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Obama drops the gloves versus Romney in campaign launch

Kevin Lamarque / Reuters

President Barack Obama speaks at a campaign rally at Ohio State University in Columbus, Ohio, on Saturday.

Updated 3:02 p.m. ET: COLUMBUS, Ohio — President Obama dropped the gloves against Mitt Romney on Saturday, leveling his most direct criticism to date of the presumptive GOP nominee while making the case for a second term.

On a two-stop trip that took him to two swing states — Ohio and Virginia — intended to launch his campaign, Obama assailed Romney and sought to link him to unpopular Republicans in Congress.

"Governor Romney is a patriotic American who has a wonderful family, who has much to be proud of. Ran a financial firm and a state. But I think he has drawn the wrong lessons from his experiences,” Obama said to a crowd of 14,000 at Ohio State University’s Schottenstein Center.


“He sincerely believes that if CEOs and wealthy investors like him make money, the rest of us will automatically make money as well,” he continued, reading off the same script at Virginia Commonwealth University in the early evening, as the crowd of 8,000 cheered. 

The president started to draw contrasts against Romney heading into the general election by dredging up some of the former Massachusetts governor's most cringe-worthy moments in the primary.

"Corporations aren’t people. People are people!" Obama exclaimed, making reference to an early quip by Romney in Iowa that, "Corporations are people, my friend!"

Prosecuting the case for his own re-election, the president emphasized the gains his administration has made so far on a host of policy ares, including the revival of the auto industry, repealing "Don’t Ask Don’t Tell," ending the war in Iraq and killing Osama bin Laden.

In this week's address, President Obama speaks about his recent trip to Afghanistan, where he met with U.S. troops and signed an agreement that will help put an end to the war.

Obama nodded to the challenges facing him in his battle for a second term; an anemic jobs report released Friday underscored some of Obama's challenges. 

But the president defied a traditional metric for an incumbent — "Are you better off today than you were four years ago?" — and turned the question on its head.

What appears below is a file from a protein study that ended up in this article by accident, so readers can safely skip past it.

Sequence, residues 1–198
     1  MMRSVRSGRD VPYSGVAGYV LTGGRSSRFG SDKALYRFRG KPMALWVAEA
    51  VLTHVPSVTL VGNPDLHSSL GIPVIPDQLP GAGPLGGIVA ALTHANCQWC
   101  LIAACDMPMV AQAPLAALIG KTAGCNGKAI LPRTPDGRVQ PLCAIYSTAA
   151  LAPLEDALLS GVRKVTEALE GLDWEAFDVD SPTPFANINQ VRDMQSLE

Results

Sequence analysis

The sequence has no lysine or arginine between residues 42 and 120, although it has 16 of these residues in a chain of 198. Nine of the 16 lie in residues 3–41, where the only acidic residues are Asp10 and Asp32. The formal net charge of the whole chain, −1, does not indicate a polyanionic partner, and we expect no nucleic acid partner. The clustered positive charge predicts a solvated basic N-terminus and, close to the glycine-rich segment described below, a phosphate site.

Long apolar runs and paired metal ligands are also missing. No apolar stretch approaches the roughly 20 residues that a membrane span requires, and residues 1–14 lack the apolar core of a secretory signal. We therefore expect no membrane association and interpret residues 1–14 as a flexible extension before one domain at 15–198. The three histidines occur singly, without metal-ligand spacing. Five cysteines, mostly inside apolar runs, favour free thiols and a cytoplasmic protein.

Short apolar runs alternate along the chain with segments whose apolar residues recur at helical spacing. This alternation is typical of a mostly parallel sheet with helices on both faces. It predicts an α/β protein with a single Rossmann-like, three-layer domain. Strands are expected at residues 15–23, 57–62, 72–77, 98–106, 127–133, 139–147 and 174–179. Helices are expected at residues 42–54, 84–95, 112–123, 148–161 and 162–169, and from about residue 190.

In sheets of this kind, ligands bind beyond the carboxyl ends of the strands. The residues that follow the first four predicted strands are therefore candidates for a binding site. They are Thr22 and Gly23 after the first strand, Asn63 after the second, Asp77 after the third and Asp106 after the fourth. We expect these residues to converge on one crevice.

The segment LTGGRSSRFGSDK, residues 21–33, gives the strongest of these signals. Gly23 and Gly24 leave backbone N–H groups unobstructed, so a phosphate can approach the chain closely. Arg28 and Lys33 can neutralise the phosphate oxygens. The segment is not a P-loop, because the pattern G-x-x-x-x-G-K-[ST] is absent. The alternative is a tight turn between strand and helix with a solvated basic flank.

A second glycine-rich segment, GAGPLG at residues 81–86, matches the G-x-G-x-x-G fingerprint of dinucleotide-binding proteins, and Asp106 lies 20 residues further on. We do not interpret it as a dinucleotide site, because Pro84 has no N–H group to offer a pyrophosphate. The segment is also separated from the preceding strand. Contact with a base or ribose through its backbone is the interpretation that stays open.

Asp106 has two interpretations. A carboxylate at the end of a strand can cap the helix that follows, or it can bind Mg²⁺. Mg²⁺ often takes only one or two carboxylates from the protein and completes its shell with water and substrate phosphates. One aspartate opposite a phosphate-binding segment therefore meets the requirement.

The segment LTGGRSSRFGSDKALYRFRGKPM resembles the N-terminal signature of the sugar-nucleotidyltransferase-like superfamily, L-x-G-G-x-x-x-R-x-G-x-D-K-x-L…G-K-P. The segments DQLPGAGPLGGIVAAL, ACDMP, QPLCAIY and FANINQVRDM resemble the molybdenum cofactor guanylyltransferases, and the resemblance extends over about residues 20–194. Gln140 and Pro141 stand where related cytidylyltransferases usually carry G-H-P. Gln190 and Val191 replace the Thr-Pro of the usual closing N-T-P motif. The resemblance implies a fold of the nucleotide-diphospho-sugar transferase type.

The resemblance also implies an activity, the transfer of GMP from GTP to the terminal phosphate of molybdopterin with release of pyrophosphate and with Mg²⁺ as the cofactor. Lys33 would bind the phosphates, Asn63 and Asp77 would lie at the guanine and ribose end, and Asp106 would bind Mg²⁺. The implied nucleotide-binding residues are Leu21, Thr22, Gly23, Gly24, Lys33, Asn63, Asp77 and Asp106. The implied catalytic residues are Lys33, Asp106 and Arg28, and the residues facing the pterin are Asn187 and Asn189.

"It’s not just about how we’re doing today, but how we’ll be doing tomorrow," Obama said. 

The Romney campaign was quick to remind voters of the struggles in the economy. 

"No matter how many lofty campaign speeches President Obama gives, the fact remains that American families are struggling on his watch: to pay their bills, find a job and keep their homes," said Romney spokeswoman Andrea Saul. "While President Obama all but ignored his record over three and a half years in office, the American people won’t. This November, they will hold him accountable for his broken promises and ineffective leadership.” 

Melissa Harris-Perry and her panelists discuss President Obama's new campaign slogan of "forward," and how Republicans are reacting to his message.

Both the Romney and Obama campaigns are treating Ohio and Virginia as swing states that could tip in their favor.

Some polls indicate Romney is catching up to Obama in the Buckeye State; a Quinnipiac poll released May 3 show Obama leading Romney by two points, 44 to 42 percent, whereas he had a six-point margin at the end of March.

 

Obama’s trip to Ohio State came just a day after Romney penned an open letter to the president in the Cleveland Plain-Dealer Friday, accusing him of being “out of your depth” on the economy and telling him, “what you are offering Ohio now is too little, too late.”

Romney also appeared in Ohio last week, appearing with Gov. John Kasich at an event at Otterbein University in Columbus, just 20 minutes from where Obama spoke today.

Romney also bracketed the president’s trip to Virginia, where Obama has a 51-44 percent lead according to a new Washington Post poll. Romney campaigned earlier in the week with Virginia’s Republican Gov. Bob McDonnell, thought to be on the short list of Romney’s vice presidential options.

The chairman of the state Republican Party’s “Victory 2012” campaign also delivered a response to the president’s VCU speech directly after Obama spoke. 

It’s not just coincidence that Obama kicked off his campaign in Columbus and Richmond; according to the media trackers at SMG Delta, the cities are just two of 17 swing media markets that George W. Bush won in 2004 and Obama won in 2008.